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Manual Augmentations vs. VenaPulse® Device – Comparing Effectiveness for Venous Reflux Exams

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Many vascular technologists today use manual augmentations to perform venous reflux exams. Augmentations to the study

Venous Symposium Live Imaging Demo - Venous Reflux Exam

Assisted by the VenaPulse® Hands-Free Augmentation Device

patient’s leg are essential to the documentation of valves, but unfortunately, technologists only have two hands to operate the ultrasound machine, hold the wand to the desired location, and perform augmentations. Squeezing the patient’s leg manually can result in difficulties:

  • A technologist’s hand may become tired or sore;
  • The awkward positioning might strain a technologist’s body;
  • Divided attention and discomfort widens the possibility for error

To reduce inconsistencies and provide a more comfortable experience for vascular technologists during venous reflux exams, ACI Medical has developed a foot-operated device that performs rapid and consistent augmentations:  the VenaPulse® Hands-Free Augmentation Device. The picture on the right features Professor Nicos Labropoulos using the inflation cuff system during a demo at the Venous Symposium earlier this year. His left hand is free to operate the ultrasound. A published prospective study from 2009 compares the VenaPulse® device’s performance with traditional manual augmentations. Conclusion:  The VenaPulse® device is just as effective as doing manual augmentations during venous reflux exams.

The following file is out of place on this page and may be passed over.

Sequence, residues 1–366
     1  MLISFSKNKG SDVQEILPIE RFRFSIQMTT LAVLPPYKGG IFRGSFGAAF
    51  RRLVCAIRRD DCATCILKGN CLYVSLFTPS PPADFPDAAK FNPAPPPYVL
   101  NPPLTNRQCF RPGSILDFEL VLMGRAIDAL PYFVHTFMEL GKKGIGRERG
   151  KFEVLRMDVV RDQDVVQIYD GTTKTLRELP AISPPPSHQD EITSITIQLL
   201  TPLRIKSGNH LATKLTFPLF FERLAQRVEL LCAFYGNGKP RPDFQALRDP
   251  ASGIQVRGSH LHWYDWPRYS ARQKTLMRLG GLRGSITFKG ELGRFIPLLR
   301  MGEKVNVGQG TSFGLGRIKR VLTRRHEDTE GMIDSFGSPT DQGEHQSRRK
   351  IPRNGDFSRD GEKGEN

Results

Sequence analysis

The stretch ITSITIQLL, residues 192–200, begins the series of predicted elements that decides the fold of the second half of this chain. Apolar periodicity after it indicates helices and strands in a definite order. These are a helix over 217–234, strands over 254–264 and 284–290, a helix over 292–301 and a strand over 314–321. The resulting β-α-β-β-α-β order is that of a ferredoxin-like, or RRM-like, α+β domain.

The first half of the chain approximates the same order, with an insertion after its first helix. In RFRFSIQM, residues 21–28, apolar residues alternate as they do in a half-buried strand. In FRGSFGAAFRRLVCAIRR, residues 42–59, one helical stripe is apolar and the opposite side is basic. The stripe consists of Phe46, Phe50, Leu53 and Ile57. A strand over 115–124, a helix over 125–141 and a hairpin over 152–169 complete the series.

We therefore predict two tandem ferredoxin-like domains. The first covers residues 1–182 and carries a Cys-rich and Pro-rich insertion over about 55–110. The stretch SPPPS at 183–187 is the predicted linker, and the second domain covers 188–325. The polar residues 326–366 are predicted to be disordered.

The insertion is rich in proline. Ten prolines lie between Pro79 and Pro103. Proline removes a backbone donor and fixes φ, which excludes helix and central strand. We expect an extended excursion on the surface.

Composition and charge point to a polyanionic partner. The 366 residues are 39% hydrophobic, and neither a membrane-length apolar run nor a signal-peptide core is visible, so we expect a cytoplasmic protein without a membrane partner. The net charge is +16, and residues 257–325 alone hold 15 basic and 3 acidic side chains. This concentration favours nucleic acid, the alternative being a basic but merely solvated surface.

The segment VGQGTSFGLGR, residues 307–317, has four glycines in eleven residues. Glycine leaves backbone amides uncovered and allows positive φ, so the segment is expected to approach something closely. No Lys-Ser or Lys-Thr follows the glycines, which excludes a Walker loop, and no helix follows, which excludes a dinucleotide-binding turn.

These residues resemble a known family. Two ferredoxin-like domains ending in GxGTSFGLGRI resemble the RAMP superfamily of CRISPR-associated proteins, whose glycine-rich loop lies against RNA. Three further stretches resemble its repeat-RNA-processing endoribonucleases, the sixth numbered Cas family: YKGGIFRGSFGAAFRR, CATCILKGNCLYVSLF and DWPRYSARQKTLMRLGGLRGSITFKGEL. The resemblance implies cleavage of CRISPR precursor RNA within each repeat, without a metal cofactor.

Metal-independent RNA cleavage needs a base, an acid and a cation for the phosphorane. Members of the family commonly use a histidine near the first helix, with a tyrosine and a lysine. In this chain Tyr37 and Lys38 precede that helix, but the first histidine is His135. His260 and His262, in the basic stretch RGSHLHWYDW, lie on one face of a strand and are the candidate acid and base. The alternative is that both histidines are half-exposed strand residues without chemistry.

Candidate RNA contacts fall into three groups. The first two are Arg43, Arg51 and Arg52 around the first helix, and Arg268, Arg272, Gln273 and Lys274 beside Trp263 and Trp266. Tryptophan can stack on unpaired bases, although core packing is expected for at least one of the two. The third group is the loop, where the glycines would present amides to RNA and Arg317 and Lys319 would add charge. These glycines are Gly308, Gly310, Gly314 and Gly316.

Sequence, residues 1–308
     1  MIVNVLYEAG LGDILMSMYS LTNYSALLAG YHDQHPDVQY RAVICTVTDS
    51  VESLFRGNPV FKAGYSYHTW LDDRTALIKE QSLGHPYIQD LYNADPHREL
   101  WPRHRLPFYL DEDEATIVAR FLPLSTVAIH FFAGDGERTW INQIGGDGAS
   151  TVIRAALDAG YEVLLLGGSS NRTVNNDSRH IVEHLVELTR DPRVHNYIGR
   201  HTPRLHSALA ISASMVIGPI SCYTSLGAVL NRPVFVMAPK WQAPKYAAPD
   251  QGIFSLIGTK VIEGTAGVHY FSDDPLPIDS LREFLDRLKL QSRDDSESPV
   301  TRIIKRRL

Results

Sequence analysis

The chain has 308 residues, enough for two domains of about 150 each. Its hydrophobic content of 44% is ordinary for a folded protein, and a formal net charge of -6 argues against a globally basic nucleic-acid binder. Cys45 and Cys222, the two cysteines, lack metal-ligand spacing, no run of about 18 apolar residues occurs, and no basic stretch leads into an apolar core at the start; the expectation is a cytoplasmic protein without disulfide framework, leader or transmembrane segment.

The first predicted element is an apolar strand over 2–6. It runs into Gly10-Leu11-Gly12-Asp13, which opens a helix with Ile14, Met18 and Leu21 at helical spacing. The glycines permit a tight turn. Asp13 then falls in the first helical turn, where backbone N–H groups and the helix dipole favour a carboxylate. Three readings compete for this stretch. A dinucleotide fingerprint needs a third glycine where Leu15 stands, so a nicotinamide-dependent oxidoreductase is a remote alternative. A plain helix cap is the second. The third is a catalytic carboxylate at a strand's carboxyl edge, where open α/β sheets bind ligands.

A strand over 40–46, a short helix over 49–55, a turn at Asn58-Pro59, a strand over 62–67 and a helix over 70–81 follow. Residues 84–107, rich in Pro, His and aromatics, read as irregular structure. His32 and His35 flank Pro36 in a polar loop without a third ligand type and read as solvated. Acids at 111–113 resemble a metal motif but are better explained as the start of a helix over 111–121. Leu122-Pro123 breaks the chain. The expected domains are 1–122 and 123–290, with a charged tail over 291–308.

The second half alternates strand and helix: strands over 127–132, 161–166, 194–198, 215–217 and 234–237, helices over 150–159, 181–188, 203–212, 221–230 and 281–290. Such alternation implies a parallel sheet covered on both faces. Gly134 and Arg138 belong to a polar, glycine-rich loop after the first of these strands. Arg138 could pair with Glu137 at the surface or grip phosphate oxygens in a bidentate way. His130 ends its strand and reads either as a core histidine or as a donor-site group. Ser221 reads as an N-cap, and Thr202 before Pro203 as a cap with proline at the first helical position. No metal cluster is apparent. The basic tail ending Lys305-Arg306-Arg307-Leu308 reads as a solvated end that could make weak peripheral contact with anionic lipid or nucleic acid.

Prospective comparison of the pneumatic cuff and manual compression methods in diagnosing lower extremity venous reflux

venapulse hands-free augmentation device foot cuff

Stavros K. Kakkos, MD, PhD, Judith C. Lin, MD, FACS, Jennifer Sparks, RVT, Melissa Telly, RVT, Michalene McPharlin, RN, RVT, and Daniel J. Reddy, MD, FACS. Vascular and Endovascular Surgery, Vol. 43 No. 5: pp. 480-484.


To compare pneumatic cuff with manual compression in diagnosing reflux in patients with chronic venous insufficiency (CVI).

Patients and Methods

Eighteen patients (Clinical Etiologic Anatomic Pathophysiologic [CEAP 2-5], median Venous Clinical Severity Score [VCSS 6.5]) were studied. The VenaPulse device (ACI Medical, San Marcos, California) was used for cuff inflation. The hemodynamic performance of the 2 methods was tested in the first 9 patients, while their diagnostic value was tested in the last 9 patients.


Both methods induced equal compression with median peak velocity of the antegrade flow (PVA) being 86 cm/s (P=.65). Coefficient of variation (CV) for PVA in the superficial veins was significantly higher with the manual method (16.8%) compared to the VenaPulse method (9.5%, P<.001), while sensitivity and specificity were 85% and 100%, and 78% (κ .68, P<.001) and 100%, respectively.


Pneumatic cuff and manual compression were shown to be equally effective in diagnosing venous reflux. Cost-effectiveness and ease-of-use studies comparing these methods are justified. Keywords: vascular lab; varicose veins; pneumatic compression


  • Photos from the 2013 Venous Symposium in New York
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  • Need a hand for your venous exams?
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